What if Germany held an election and nobody won?
It’s certainly difficult to pick a winner from the rather muddled state polls held on Sunday, and even harder to divine any import from them for the country’s general election just four weeks away.
With Chancellor Angela Merkel’s Christian Democrats (CDU) suffering heavy losses in Saarland and Thuringia, the conservatives will find little solace in their solid performance in Saxony. Two CDU state premiers now face the possibility of being replaced by left-wing coalitions less than a month before Merkel was hoping to be triumphantly re-elected.
Hoping to ditch the centre-left Social Democrats (SPD) for the pro-business Free Democrats (FDP) after the general election on September 27, she now has to worry if voters have started to sour on the idea of such a centre-right alliance. Long content to appear the aloof chancellor confident of cruising to victory, Merkel is now hearing from within her own party that her campaign lacks both passion and ideas.
FDP leader Guido Westerwelle can’t be particularly happy either with the results from Sunday – even if the Free Democrats might be able to join the government in Saxony. But will they be able to come in from the cold after 11 years in the opposition at the federal level? Still eminently possible, a coalition with Merkel’s conservatives at the national level no longer looks quite so inevitable as it did only days ago.
But the beleaguered Social Democrats can hardly claim victory either. The party is so desperate for a boost to its flagging campaign for the upcoming national election that the SPD has decided to focus on the CDU’s woes rather than those of its chancellor candidate and Foreign Minister Frank-Walter Steinmeier. Yet the SPD’s results in all three states on Sunday were less than stellar – and in Saxony its performance was downright dismal.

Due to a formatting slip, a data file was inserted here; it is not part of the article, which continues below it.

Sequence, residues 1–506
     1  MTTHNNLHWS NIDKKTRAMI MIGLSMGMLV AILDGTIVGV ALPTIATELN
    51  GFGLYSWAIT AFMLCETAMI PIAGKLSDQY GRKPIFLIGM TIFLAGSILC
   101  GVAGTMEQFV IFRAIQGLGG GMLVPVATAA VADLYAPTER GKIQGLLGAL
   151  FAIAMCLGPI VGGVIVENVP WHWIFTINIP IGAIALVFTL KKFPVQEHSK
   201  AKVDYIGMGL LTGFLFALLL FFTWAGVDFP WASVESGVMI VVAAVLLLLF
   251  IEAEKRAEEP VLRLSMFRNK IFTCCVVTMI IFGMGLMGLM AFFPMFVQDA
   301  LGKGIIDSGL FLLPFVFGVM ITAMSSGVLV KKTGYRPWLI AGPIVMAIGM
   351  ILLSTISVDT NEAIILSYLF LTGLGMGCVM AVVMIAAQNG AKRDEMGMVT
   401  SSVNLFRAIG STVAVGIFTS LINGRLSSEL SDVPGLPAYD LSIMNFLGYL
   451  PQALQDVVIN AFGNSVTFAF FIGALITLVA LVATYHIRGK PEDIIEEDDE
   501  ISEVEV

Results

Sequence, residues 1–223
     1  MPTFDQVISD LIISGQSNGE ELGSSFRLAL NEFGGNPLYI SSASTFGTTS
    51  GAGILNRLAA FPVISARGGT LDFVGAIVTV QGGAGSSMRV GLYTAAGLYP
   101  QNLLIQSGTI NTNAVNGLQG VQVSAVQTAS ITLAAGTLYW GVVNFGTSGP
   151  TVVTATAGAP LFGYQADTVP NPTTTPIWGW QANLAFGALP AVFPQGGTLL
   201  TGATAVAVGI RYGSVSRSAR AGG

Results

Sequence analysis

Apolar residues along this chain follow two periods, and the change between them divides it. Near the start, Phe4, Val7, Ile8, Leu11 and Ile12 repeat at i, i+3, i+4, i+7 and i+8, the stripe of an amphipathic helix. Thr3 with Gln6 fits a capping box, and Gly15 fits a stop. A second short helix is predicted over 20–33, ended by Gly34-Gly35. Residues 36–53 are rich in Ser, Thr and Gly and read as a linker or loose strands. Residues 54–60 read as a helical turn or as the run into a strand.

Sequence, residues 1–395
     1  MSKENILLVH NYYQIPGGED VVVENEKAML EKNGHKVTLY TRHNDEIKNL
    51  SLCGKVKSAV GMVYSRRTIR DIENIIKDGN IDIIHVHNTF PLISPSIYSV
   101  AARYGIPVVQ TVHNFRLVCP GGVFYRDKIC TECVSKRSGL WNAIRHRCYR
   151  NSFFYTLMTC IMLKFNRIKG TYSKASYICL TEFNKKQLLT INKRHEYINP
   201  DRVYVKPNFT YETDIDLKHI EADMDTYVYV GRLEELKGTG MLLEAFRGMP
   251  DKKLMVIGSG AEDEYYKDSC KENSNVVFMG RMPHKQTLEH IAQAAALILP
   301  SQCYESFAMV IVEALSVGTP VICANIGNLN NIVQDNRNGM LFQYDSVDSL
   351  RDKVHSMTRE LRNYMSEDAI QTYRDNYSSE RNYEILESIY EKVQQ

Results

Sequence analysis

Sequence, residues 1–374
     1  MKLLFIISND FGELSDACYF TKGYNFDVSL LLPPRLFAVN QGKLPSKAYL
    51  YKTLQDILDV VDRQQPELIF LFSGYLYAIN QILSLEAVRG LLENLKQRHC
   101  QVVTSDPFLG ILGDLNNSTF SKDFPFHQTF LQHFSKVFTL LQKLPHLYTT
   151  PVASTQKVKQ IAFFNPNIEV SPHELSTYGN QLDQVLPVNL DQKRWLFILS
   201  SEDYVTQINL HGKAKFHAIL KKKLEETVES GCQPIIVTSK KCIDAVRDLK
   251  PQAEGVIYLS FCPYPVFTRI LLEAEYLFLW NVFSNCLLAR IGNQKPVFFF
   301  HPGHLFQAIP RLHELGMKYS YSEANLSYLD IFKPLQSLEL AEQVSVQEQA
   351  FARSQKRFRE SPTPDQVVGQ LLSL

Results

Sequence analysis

The once proud Volkspartei eked out ten percent of the vote to stay just barely the third largest party in the Saxon state legislature. The SPD also placed far behind the hard-line socialists from The Left in Thuringia and was barely ahead of the rival leftist party in Saarland. The message from voters was clear: if the SPD wants to govern Germany’s 16 Länder, it has to do so with The Left, a collection of former communists from East Germany and disgruntled western German trade unionists. Otherwise, the Social Democrats have to be content playing the junior partner to Merkel’s conservatives for years to come.
So does that make The Left the big winner from Sunday? Hardly. The SPD has said it will not accept playing second fiddle to the socialists in Thuringia, making a grand coalition with the Christian Democrats more likely. And despite a strong performance in Saarland, The Left cannot be assured it will join a cumbersome three-way coalition with the SPD and the environmentalist Greens. Finally, The Left remains untouchable as a partner for the Social Democrats at the federal level after September 27 because of the party’s widely considered unrealistic economic and foreign policies.
For a country long known for its comfortingly staid politics, Germany has entered a phase characterised by uncertainty and turmoil – which is unsettling for both voters and politicians alike.
The political cacophony is a direct function of the changing party landscape in Germany in recent years. The era of comfy two-party ruling coalitions is over – let alone the cushy days when the conservatives or Social Democrats could govern at the state or federal levels alone.
The parties will now have to get used to multi-party governments seen elsewhere in Europe. The first left-wing “red-red-green” coalition could soon govern in Saarland, but so too could the more exotic alliance of Christian Democrats, Free Democrats and Greens known as a “Jamaica” alliance because the party colours match those of the country’s flag.
Blazing such new political territory isn’t going to be easy and in the end the only “winner” on September 27 could end up being the status quo – that is, the unsatisfying right-left grand coalition of Christian and Social Democrats. That might be enough to keep Merkel in the Chancellery, but it certainly won’t be enough for German voters in the coming years.